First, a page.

This section tells us Paul’s secret to joy. His focus is not on his circumstances, but on Christ and the Gospel. Paul says, “Hey, it doesn’t matter if I have to play nose guard the entire game, as long as my team wins. I don’t care if I am chained up at home with six kids, as long as they grow up to impact the world for Christ. I don’t care if I am shackled to my work as long as I can support the work of Christ around the world financially. It doesn’t matter if I am tied to this hospital bed, as long as I can share Christ and show Him off.”
Paul is going to tell us in verses 12 to 14 that all the “bad” that’s happened in the last five years was good, since Christ was being made known to unbelievers. And Christians now have more courage to speak of Christ to unbelievers. I have great joy because the passion of my life is being fulfilled. What makes you tick? What drives you? Sharing Christ ought to be central in your heart. Which actually is the overall key to a joyful heart. How are we to find joy in the midst of difficult times? By . . .
#1 Passionately PURSUING God’s purposes
Notice in verse 12 and following, even though it’s a highly personal section, Paul hardly talks about himself. One, because Epaphroditus will fill the Philippians in on all the details about Paul and two, because Paul is so focused on advancing the Gospel, he doesn’t care about himself. Verse 12, “Now I want you to know, brethren, that my circumstances have turned out for the greater progress of the gospel.”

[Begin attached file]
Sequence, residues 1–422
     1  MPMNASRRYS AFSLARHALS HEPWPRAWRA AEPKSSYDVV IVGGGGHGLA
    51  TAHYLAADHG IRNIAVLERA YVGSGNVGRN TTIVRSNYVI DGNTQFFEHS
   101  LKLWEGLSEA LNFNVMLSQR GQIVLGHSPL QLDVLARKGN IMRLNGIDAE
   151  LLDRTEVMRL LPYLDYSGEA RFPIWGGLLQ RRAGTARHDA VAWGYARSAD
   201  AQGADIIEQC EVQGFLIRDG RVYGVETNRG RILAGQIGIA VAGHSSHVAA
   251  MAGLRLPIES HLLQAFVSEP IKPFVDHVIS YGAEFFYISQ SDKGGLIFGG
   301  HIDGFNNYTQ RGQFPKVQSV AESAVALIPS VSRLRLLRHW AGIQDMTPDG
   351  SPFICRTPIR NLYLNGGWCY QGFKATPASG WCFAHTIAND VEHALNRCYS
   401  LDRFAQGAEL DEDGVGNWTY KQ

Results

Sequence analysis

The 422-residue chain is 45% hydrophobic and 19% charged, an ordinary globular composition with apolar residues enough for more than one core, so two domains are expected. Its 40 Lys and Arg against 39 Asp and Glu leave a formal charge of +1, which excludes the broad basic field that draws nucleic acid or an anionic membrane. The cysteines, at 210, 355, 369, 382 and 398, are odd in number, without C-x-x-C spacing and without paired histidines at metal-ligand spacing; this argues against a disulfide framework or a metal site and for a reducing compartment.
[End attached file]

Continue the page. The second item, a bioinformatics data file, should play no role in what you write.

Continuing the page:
If you’re going to rise above your circumstances, you’ve got to get your eyes off yourself and onto Christ. Ingrown eyeballs result in the loss of joy. You lose your joy when you look at anything or anyone other than Christ. And you’re sure to sink if you take your eyes off of Christ and put them on the waves of your problems–just ask Peter.
In 2 Corinthians 5:15 Paul reminds us, “And He died for all, that they who live should no longer live for themselves, but for Him who died and rose again on their behalf.” You don’t live for you, for your issues, your problems or your circumstances. You live for Christ. If you are a real Christian, then in Matthew 16:24 Jesus said to His disciples, “If anyone wishes to come after Me, let him deny himself, and take up his cross, and follow Me.” A true Christian denies self, dies to self and follows only Christ. And joy is only found in living for Him. How can you stop looking at your problems?